This con has been around since the 16th century. 500 years ago you would have received a letter from a man held in a Spanish prison. The...

Shunichi Imano | 14 Apr 2008 22:16:03 GMT | 0 comments
Today, April 14th, 2008, Symantec Security Response received reports from a number of our customers regarding a possible targeted spam attack against several Japanese companies.

The spam email associated with this attack spoofs itself as an email from a Japanese government agency and entices the user to open the attached .zip file to check recent organizational changes. The attached .zip file contains 2 files: 0414.xls and 0414.exe. 0414.xls is a legitimate file containing a list of names, addresses, and personnel positions that may or may not really exist. There is no evidence to suggest that any exploit attempts are made on this file.

However, the other file, 0414.exe, is a variant of Backdoor.Darkmoon, which has a keylogging capabilities. At the time of writing, we have seen several variants of...

Andrea DelMiglio | 11 Apr 2008 17:58:55 GMT | 0 comments

Symantec has been notified that the Web site, a site related to a right-wing Italian political party, has been compromised. The Web site is hosting a malicious iframe that leads to a typical browser exploit using the Neosploit tool, which forces an infected computer to install the newest version of Trojan.Mebroot.

Using elections as a channel for spreading malicious code is something we have already seen (for example,...

Joseph Blackbird | 11 Apr 2008 17:53:05 GMT | 0 comments

Phishing is an attempt by a third party to solicit confidential information from an individual, group, or organization by mimicking (spoofing) a specific, usually well known brand, usually for financial gain. Phishers attempt to trick users into disclosing personal data, such as credit card numbers, online banking credentials, and other sensitive information, which they may then use to commit fraudulent acts.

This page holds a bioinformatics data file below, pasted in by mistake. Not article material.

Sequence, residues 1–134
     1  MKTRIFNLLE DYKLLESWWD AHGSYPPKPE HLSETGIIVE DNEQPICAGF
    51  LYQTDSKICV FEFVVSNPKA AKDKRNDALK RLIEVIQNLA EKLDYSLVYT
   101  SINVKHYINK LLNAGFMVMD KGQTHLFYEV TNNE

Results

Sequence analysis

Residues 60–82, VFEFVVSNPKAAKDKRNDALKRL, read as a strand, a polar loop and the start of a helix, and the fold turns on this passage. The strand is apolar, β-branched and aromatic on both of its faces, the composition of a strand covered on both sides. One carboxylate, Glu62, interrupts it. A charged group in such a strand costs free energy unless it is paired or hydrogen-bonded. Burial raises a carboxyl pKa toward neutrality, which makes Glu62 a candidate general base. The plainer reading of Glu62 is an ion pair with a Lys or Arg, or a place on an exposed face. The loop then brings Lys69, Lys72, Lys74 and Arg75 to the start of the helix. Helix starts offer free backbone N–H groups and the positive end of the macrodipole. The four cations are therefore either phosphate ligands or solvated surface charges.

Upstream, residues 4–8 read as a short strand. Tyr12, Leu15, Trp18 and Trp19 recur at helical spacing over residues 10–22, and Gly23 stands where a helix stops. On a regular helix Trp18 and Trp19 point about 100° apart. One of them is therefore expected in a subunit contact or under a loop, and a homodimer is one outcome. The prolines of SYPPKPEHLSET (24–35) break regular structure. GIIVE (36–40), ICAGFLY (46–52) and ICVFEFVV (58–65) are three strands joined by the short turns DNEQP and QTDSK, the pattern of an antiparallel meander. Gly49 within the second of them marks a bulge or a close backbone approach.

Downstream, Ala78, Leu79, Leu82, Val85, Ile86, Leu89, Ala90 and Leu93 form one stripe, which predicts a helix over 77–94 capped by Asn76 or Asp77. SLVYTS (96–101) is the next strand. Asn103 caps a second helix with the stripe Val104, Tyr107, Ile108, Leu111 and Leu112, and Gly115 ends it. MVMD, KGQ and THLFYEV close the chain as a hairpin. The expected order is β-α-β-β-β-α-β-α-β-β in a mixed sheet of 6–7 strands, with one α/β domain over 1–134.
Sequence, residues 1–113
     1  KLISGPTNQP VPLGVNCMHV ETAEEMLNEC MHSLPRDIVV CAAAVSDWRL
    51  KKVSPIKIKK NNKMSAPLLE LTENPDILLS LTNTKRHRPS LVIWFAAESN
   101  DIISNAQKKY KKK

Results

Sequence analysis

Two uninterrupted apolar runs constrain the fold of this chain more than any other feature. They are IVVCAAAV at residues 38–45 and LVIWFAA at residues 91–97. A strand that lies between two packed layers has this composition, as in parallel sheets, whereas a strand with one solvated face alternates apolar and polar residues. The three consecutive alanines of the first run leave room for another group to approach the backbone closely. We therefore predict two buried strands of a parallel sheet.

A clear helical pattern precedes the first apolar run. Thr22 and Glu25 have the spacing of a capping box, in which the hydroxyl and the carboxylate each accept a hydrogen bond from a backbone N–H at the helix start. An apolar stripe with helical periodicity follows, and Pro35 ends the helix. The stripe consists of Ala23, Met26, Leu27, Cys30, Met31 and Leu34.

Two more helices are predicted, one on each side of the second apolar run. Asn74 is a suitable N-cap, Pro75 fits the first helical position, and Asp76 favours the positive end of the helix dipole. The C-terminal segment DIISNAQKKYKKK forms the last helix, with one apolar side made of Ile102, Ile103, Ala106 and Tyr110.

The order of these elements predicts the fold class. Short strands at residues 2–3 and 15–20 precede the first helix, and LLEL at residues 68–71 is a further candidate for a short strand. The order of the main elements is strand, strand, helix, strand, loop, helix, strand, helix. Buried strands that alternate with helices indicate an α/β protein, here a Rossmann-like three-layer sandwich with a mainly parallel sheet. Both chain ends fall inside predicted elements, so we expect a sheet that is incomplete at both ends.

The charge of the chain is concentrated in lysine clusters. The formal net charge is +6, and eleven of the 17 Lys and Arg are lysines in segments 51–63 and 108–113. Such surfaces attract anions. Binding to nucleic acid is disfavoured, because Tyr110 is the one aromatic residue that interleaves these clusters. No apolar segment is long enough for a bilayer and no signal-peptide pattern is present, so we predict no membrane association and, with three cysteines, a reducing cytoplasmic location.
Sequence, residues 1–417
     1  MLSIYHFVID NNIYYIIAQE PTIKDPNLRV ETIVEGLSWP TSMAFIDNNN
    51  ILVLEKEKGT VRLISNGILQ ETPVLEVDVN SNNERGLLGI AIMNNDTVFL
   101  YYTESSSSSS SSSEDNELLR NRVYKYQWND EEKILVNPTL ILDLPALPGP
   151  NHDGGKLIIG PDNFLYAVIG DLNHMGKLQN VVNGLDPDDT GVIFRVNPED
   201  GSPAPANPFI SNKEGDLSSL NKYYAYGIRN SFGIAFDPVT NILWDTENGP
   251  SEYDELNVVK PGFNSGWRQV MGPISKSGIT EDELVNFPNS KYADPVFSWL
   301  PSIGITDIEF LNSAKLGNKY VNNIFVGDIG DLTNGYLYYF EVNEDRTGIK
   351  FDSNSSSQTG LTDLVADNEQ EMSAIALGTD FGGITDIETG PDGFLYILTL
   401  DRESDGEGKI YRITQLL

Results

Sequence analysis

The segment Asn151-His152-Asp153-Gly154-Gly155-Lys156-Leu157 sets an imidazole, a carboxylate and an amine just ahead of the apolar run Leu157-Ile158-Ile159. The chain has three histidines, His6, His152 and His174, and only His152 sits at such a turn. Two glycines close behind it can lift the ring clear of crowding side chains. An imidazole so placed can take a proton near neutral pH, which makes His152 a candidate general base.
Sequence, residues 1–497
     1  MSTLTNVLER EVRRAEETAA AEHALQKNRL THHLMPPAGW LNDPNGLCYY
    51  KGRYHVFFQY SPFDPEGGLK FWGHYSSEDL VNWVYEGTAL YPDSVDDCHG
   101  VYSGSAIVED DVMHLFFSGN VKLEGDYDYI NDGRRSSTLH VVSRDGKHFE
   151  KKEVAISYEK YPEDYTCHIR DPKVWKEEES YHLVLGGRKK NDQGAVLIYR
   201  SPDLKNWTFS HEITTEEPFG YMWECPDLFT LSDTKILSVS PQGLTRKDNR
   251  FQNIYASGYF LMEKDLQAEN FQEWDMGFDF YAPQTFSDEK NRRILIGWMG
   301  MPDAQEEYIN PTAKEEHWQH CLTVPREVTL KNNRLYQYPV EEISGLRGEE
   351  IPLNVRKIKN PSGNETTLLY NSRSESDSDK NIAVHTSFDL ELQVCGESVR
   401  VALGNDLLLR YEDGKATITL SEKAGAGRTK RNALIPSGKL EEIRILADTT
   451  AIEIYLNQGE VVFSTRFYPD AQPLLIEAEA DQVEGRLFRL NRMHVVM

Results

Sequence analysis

During the second half of 2007, the majority of brands targeted by phishing attacks were in the financial services sector, accounting for 80 percent. This is virtually unchanged from the 79 percent reported in the first half of 2007. The financial services sector also accounted for the highest volume of phishing Web sites during this period, at 66 percent, down slightly from 72 percent in the first half of 2007. Since most phishing activity pursues financial gain, successful attacks using brands in this sector are most likely to yield profitable data, such as bank...

Sean Hittel | 10 Apr 2008 22:22:40 GMT | 0 comments

It has been less than two days since Microsoft announced a couple of vulnerabilities in graphics device interface (GDI) EMF formatted images, but our DeepSight honeypots are already showing some signs of exploitation in the wild. Although the exploits that we have seen so far do not yet appear to be functional, they appear to have the right general idea in their exploitation. It is possible that these exploits either have been leaked and are "in-work" copies, or that they are functional on some platform that we have not tested.

However, the exploit (named "top.jpg") does contain functional payload, which downloads a secondary file (word.gif). Word.gif is really an executable that would be run following a successful infection. Its main function would be to use iexplore.exe to contact a few hosts in China, presumably to download additional malicious code.

The exploit image is detected by Symantec IPS-enabled products as...

Marc Fossi | 10 Apr 2008 22:17:28 GMT | 0 comments

In late May 2007, the MPack attack kit was first observed in the wild. This kit relied on compromised Web pages to redirect users to an MPack server that attempted to exploit Web browser and plug-in vulnerabilities in order to install malicious code on computers. MPack experienced great success because it took advantage of the trust many users place in certain Web sites. Since the Web browser is the primary gateway to the Internet for most users, Web pages that they visit frequently—such as online forums and other Internet communities—are a useful means of compromising computers for attackers.

Because of the success of kits like MPack and Ice-Pack, it seems that malicious code authors have begun to incorporate similar features in the threats they create. In the current period, seven percent of the volume of the top 50 malicious code samples...